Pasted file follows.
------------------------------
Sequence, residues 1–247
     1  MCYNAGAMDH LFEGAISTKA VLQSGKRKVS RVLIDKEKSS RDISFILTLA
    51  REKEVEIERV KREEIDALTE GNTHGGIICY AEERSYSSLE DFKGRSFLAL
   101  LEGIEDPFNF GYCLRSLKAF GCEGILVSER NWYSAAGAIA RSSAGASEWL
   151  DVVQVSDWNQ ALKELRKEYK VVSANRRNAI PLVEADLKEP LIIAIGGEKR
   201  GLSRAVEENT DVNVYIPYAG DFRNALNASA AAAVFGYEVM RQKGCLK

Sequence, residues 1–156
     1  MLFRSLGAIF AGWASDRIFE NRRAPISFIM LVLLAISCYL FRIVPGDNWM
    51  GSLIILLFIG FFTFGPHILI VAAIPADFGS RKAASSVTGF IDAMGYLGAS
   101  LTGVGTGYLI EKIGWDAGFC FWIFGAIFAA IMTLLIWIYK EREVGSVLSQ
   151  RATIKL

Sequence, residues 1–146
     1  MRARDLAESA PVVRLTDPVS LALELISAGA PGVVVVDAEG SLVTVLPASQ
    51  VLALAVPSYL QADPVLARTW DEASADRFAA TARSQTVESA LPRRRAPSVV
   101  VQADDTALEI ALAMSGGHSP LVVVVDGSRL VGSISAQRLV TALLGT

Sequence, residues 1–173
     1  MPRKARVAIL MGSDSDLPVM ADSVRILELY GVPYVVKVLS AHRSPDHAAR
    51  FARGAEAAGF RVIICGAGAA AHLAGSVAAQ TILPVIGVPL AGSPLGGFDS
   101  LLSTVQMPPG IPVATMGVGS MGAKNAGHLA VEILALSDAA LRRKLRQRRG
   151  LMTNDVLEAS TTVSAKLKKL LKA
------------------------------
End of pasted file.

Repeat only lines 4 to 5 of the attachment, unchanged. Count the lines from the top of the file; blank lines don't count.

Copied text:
   101  LEGIEDPFNF GYCLRSLKAF GCEGILVSER NWYSAAGAIA RSSAGASEWL
   151  DVVQVSDWNQ ALKELRKEYK VVSANRRNAI PLVEADLKEP LIIAIGGEKR